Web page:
Elena and Bonnie help Alaric in his effort to decipher the meaning behind his recent discovery. Elena and Rebekah find themselves in a mean-girl power struggle until Rebekah finally reveals some of her family’s ancient secrets and her violent past with Klaus and Elijah. Still trying to make a breakthrough with Stefan, Damon tries a reckless new approach, and they’re both surprised by an unlikely ally.
The Vampire Diaries airs Thursdays at 8:00 on the CW.
I know people get annoyed with this show. It’s the TV version of Twilight, they say. That’s what I thought, too, before I started watching it in season two. If you still think that, then you simply haven’t seen it. The similarity ends with the makeup artists and the costumers. The characters are more than inchoate drives and needs, exaggerated victims of their biology. Others, due to the CW connection, think it’s trying to be the new Buffy. They’re also wrong, it will never be that, Elena leads far too charmed a life to be a Joss Whedon heroine. She’s a Kevin Williamson heroine, which is a different sort of tough girl altogether.
If Twilight were to do flashbacks to the Middle Ages, as “Ordinary People” does this week, it would as ridiculous as all their cheesy Italian set-pieces. If this week’s show were an episode of Buffy, it would have been played for laughs (only the 19th century got respect on Buffy as far as the flashbacks went). But Claire Holt pulls out all the stops as the Original focal character, nailing her familial conflict as she tells her story to Elena. It must be the true story, finally, of two witches, her father Mikael (yep!), several brothers, curses, betrayals and the proximity of Native American werewolves.
It feels at first like the tale almost gives away too much, and Alaric figures it out almost too easily (from the crude runes carved into the cave walls), only that’s the way with this show: each “reveal” only reveals new layers, each resolved complication just clears the floor for the next wave of complications. Holt’s performance is intriguing this week, maybe because they aren’t really defining Rebekah’s character that clearly in the script. Holt stitches together the disparate parts of her behavior into a believable whole.
Despite enslaving a troupe of models to pick out her prom dress, she’s not really a danger to the cheerleaders she’s trying so hard to impress, because she wants so badly to be one of them. She meant it when she told Caroline she needed to know how she remained popular and beloved and happy after being vamped, because she’s clearly been trying to achieve the same for a thousand years and still can’t keep it together.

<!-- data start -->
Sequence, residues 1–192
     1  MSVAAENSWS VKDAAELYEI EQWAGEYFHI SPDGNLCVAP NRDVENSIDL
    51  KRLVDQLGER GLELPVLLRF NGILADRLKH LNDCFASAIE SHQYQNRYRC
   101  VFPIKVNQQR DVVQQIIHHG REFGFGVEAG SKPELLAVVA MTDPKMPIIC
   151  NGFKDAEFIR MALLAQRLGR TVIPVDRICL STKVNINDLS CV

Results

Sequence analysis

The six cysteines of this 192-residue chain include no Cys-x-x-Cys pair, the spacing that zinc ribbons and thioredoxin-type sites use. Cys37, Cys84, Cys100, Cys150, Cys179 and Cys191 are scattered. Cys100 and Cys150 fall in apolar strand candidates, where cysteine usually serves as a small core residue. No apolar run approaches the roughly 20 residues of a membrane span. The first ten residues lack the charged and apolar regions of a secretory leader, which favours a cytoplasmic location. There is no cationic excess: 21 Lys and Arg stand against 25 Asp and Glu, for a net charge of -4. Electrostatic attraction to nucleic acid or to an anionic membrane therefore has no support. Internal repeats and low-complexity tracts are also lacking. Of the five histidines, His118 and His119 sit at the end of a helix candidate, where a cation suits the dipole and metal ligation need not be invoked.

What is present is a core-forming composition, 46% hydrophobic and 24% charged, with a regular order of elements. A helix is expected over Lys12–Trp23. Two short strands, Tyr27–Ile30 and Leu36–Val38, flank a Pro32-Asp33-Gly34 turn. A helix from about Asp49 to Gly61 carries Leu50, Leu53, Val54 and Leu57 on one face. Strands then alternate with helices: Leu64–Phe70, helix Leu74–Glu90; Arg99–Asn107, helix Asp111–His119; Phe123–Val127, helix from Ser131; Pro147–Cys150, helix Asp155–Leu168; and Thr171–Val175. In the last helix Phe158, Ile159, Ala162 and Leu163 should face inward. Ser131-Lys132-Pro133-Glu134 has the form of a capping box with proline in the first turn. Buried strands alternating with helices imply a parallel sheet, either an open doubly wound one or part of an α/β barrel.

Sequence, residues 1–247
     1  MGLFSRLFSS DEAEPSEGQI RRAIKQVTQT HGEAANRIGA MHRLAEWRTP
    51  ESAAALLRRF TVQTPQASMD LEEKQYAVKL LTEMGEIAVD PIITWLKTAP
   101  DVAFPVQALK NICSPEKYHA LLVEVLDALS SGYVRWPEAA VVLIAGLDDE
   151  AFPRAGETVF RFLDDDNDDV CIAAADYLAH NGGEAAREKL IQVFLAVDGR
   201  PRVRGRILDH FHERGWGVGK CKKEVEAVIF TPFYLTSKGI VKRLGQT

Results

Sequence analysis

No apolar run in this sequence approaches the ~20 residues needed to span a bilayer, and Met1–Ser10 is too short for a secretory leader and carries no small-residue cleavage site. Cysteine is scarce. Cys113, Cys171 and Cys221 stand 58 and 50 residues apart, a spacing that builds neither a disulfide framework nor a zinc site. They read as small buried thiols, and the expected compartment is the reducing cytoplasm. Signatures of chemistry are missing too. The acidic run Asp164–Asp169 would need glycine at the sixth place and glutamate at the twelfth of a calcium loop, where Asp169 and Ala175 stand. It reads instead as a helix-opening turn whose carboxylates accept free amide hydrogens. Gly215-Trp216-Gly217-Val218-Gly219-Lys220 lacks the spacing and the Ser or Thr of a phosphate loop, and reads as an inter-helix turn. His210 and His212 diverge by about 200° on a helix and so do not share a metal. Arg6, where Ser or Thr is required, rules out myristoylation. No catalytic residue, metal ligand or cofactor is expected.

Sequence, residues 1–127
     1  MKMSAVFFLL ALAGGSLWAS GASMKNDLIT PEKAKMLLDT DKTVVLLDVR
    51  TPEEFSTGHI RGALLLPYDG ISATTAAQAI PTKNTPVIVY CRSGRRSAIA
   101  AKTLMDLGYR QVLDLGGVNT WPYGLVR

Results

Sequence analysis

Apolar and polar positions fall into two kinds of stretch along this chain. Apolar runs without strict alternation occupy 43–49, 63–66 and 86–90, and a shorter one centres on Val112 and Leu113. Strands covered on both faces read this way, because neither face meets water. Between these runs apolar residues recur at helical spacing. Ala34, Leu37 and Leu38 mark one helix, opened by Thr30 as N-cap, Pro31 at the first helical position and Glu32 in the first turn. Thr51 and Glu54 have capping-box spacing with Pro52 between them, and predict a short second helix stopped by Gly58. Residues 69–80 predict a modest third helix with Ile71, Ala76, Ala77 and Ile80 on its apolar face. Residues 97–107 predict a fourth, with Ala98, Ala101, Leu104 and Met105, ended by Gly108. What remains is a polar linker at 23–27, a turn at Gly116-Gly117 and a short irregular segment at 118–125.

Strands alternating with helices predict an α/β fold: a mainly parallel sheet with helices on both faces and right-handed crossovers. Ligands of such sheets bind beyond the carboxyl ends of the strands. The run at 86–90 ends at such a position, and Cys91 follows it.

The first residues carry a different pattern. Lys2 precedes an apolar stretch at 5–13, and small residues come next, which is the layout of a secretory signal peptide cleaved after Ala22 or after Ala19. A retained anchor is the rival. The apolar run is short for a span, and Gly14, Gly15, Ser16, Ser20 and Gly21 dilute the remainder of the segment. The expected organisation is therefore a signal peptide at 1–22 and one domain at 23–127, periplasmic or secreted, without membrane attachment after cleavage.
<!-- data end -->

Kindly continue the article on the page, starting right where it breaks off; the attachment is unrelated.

She’s an intriguing counterpoint to the dour (but iron-willed) Elena, and in her scenes with Rebekah (who’s been so reticent to give away her secrets before) you sense that she’s willing to share it all not just because Elena has found so many clues, but rather because Nina Dobrev plays her as someone who really cares and is really listening, without judgment. And in fact she sees beyond Rebekah’s dysfunctional family lore to some underlying truths that shatter the immortal’s vampire world, in the same way that Elena shatters expectations just by existing for the Brothers Salvatore. She’s the anchor of this show, apparently for literally everyone else in addition to her circle of friends.
Those flashbacks also aren’t ridiculous (besides the plethora of TV-land wigs to make Quiet Riot jealous) because they’re played with an air of dreamy myth. The costuming is just Viking enough to be elegant and simple without being too kitschy, and the archetypal nature of the brothers and sister caught up in the machinations of their god-like parents is fairly timeless. It’s a bit of a bore that Mikael is such a raving patriarch, intent on toughening up his sons and protecting his women, but I suppose you can write that cliché off to ancient times.
And of course his particular ire for Klaus could be that he senses that Klaus isn’t actually his, but a werewolf bastard representing his wife’s betrayal. Which isn’t something we see, leaving us kind of confused about the ancient wolves who are repeatedly referred to. The Original matriarch seems unlike a woman to dally with other creatures, though perhaps Mikael’s rants drove her to her wit’s end as well at some point.
The pact Stefan makes to save Damon’s life (despite what he may play off otherwise) is a testament to their continuing brotherly love, and the family values that are repeatedly referenced in the episode. A funny range of references, since Elena’s rebuilding her family on her own terms, Rebekah’s family is based on a giant lie, and the Salvatores are as cursed by their filial tie as anyone. And yet, Elena falls asleep with Damon in her bed at episode’s end, because she still needs and gives love despite it all.
Rebekah never really stood a chance.
Shawn Hill knows two things: comics and art history. Find his art at http://cornekopia.net.